Which was how he found himself sitting on the floor of Anne’s living room, one leg pulled in and the other spread to the side, drawing and coloring with Heather’s sister.
“You’re hogging the green,” she said, holding out her hand. He happily handed it over. They colored in silence besides for the few moments Lily started to hum bits of songs he couldn’t name. It was actually sort of peaceful.
Heather came in through the back, hair in braids and boots on her feet. Her eyes narrowed at the sight in front of her. “Well, this is an odd one, Lily bug.”
Lily shrugged. “He’s your boyfriend.”
Ray laughed, a real chuckle, and the other two girls smiled at him. Heather nodded to the hallway, and he followed her to her bedroom. She kissed him when the door closed. “Didn’t know you were such an artist.”
“She’s really good. Got a real eye for color. I was learning a whole lot.”
“Is that so?”
He nodded, a smirk spreading. “Yeah. Take a look.” He dipped forward and kissed her. “I made it for you.” Then he slipped the paper into her hand.
When she opened the drawing of the alligator a bright laugh bubbled from her lips. She wrapped her arms around his neck and kissed him again. “I—” She shook her head. “Ray Hall.”
Ray didn’t know what that meant, but he’d listen to her say his name any goddamn way as long as she was saying it.
It was a month or so later, the two of them floating aimlessly on the boat during a lazy Sunday afternoon, when Heather broke him. Beyond repair broke him with no warning. She stood up to grab her water bottle from the cooler, and when she came to sit down beside him she tossed candy onto his chest. Her hair was still wet from the water, her lips swollen and pink from kissing a little bit ago, and she was beautiful.
“Peanut butter cups. Kept them cold the way you like them and everything. I don’t really get it, but whatever.”
No one had ever stored bits of information about him like that—things to be remembered, of importance. His brother loved him, but his brother was always treading water, and they didn’t live easy lives. You didn't have time for niceties when you were trudging through dirt. Neither Heather or him had been given easy lives, but she cared anyways. She cared enough to try to bring some small surprise of happiness into his day, and it broke him in two.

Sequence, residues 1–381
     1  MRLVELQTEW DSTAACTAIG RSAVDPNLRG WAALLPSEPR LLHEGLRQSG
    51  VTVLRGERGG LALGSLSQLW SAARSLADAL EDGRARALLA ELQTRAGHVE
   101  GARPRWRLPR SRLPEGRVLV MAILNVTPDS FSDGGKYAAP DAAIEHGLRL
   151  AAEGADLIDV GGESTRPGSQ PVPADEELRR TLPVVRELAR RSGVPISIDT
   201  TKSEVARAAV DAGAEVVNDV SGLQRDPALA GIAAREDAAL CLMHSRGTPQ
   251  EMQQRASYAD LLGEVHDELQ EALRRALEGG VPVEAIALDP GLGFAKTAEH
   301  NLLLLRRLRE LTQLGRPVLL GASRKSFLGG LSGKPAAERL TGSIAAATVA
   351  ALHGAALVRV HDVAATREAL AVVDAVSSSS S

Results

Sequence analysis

“I—” Ray propped up onto his elbows from his spot lying on the back of the boat, and he couldn’t stop looking at her. She brought one knee up to wrap her arms around it, sipping her water, and she shot him a strange look at this silence. “I did something stupid, Nill.”
She rolled her eyes. “You’re always doing something stupid.”
“Nope. Something even more stupid than my usual stupid.”
“I find that hard to believe.”
He ran his tongue over his teeth and shook his head. “I fucking love you.”
Her hand shot out, hitting his upper arm. “We didn’t have to fall in love, Ray, remember?”
“Too late.” He shook his head back. “It was always gonna be too late, though. And what’s that I hear? We didn’t?”
“Of course I love you,” Heather said. She crawled over the back seat to get closer, reaching out a hand to his cheek and running her thumb over the edge of his mouth.
He leaned into the touch. “Why didn’t you say anything?”
It was that smile again, the little one that was like prying open an oyster to find a pearl hidden inside. She pursed her lips and leaned her forehead into his chest. “Didn’t want to scare you away.”
Which was the dumbest fucking thing Ray had ever heard because if anyone was going to run, he’d known it would be her. He was in. He was here. He’d tied himself to her, whatever that meant, and he’d known there was no turning back. You didn’t turn back from a woman like Heather Nill. There was nothing sensible about seeing something so beautiful and resigning yourself to never seeing it again.
“Guess you’re stuck now,” he whispered, sitting up and turning so he could be straight on despite having to turn his head down to look at her. His hands held her face between them while his eyes savored every inflection of her expression. “No going back. I love you.”
“Where would I go? I’m right here.” Her gaze was resolved, steely. He believed her. “And I love you. And I like hearing you say I love you right back.”
He jolted forward and picked her up, letting them fall back again onto the seat as a tangle of limbs as they laughed. “Then I love you, I love you, I love you…” The words trailing into kisses, more laughter, whispered promises.
He kissed it into her hipbone again, but then he whispered it straight into her ear. Soft, barely there, but heard.
I love you.
The thing about being a Hall was they were deadweight, they were fucking stupid, but maybe loving anything wasn’t dangerous. Maybe that one he had gotten wrong.
And if he hadn’t? Well, he’d done plenty of dangerous for far less. For Heather Nill he could spare a little more.